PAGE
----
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Human Euthanasia

Autor:   •  February 3, 2018  •  2,153 Words (9 Pages)  •  175 Views

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It is not uncommon for medical personnel to treat someone as legally incompetent without any official court decision. For example, if someone is in the operating room under anesthesia, and there is a sudden crisis and a life-altering decision must be made now, it is often not possible to sow the person back up, wait for them to wake up, and then discuss the matter. A spouse or other close relative will be asked to make a decision on this person's behalf. Clearly under such circumstances it would be impractical to take this to court and hold hearings on the patient's competence and the suitability of the spouse as a guardian. But in euthanasia cases, the problem is often not that the patient is incapable of making and communicating a decision, but rather that those around her do not approve of her decision. Even when the legality of such actions is questionable, in real life the authorities are not going to intervene unless someone challenges it. And if the patient is weak, sick, and bed-ridden, she may not be capable of getting to court to protest. Unless there is another relative who disagrees with the decision to euthanize, the patient's wishes can simply be ignored.

In "assisted suicide", a doctor provides a patient with the means to end his own life. Helping people who desire a hastened death so as to avoid further suffering has a long fight ahead of it. For example, if a doctor gives a patient an injection of morphine sufficient to cause the patient death, this is euthanasia. But if the doctor puts the hypodermic needle beside the patient bed, explains to the patient what it is, and leaves, and the patient later injected it himself, this is considered assisted suicide. We have to change the climate of thinking in respect of individual choices in dying. We have to modify social changes ourselves. Others have done it with universal suffrage, birth control, marriage and divorce, abortion rights, and so on. Here is what we can do: First, be right there on the front line, at the bedside, for dying person who seeks our help. Help comes in many different forms, we can provide advice, refer the patient to a skilled professional counselor who will consult with the patient about their point of view. We can also provide supervision of a justifiable suicide for a person who is dying, if the patient feels there are no other alternatives available for them.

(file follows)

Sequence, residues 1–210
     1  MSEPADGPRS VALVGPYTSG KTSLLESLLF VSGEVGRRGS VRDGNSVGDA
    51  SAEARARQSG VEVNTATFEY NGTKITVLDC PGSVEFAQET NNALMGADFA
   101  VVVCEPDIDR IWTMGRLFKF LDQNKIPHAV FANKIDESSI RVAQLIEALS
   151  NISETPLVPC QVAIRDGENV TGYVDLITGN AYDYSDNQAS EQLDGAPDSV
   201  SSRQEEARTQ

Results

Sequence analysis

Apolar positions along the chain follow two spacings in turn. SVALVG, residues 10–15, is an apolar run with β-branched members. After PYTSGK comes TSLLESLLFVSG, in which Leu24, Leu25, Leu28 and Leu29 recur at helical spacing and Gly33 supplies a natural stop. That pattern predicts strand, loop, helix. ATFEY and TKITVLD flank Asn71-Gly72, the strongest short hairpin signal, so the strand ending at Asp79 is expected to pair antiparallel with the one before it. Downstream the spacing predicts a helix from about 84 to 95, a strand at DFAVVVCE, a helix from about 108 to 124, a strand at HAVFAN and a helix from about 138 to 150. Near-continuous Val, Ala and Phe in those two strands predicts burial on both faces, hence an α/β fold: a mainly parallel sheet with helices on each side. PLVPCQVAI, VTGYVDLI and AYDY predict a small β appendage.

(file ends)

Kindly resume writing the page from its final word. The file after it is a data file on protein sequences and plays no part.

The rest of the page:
Clearly there is a big difference between "voluntary passive euthanasia" and "involuntary active euthanasia". In voluntary passive euthanasia, a person decides for himself that medical treatment that he is receiving is making his life more unpleasant than the disease, and that he would rather end the treatment and go home. Presumably he concludes that a shorter but more comfortable life is preferable. Or perhaps he is simply tired of fighting, and wants to just give up and die. With involuntary active euthanasia, one person decides that another person's life is no longer worth living or no longer of value, and has them “put down” or killed so to speak. While both of these things result in the person's death, they are so dramatically different that it strains the language to lump them both under the single term "euthanasia". The main concern of our discussion, as a whole, in regards to the act of euthanasia itself is that we strongly disagree in the legalization because of how broad of a term and action it truly is. It is an event that can be abused if fallen to the wrong hands and we should not make attempts to play the role of a higher being because if we did not create life and everything that encompasses it, then we have no right to take that life, legally or illegally.

Works Cited

Nursing: A Concept-Based Approach to Learning. 2nd ed. Upper Saddle River: Pearson, 2015

Berger, Jeffrey T. "Pandemic Preparedness Planning: Will Provisions For Involuntary Termination Of Life Support Invite Active Euthanasia?." The Journal Of Clinical Ethics 21.4 (2010): 308-311. MEDLINE. Web. 3 Dec. 2014.

de Vocht, H, and B Nyatanga. "Health Professionals' Opposition To Euthanasia And Assisted Suicide: A Personal View." International Journal Of Palliative Nursing 13.7 (2007): 351-355. CINAHL with Full Text. Web. 3 Dec. 2014.

Humphry, Derek. “The Future of the Right-To-Die Movement.” Assisted Suicide. ERGO: Euthanasia Research & Guidance Organization. 22 September 2004. Web. 1 Dec. 2014.

Julesz, Máté. "[Passive Euthanasia And Living Will]." Orvosi Hetilap 155.27 (2014): 1057-1062. MEDLINE. Web. 24 Nov. 2014.

“Types of Euthanasia.” Types of Euthanasia. N.p., n.d. Web. 02 Dec. 2014.



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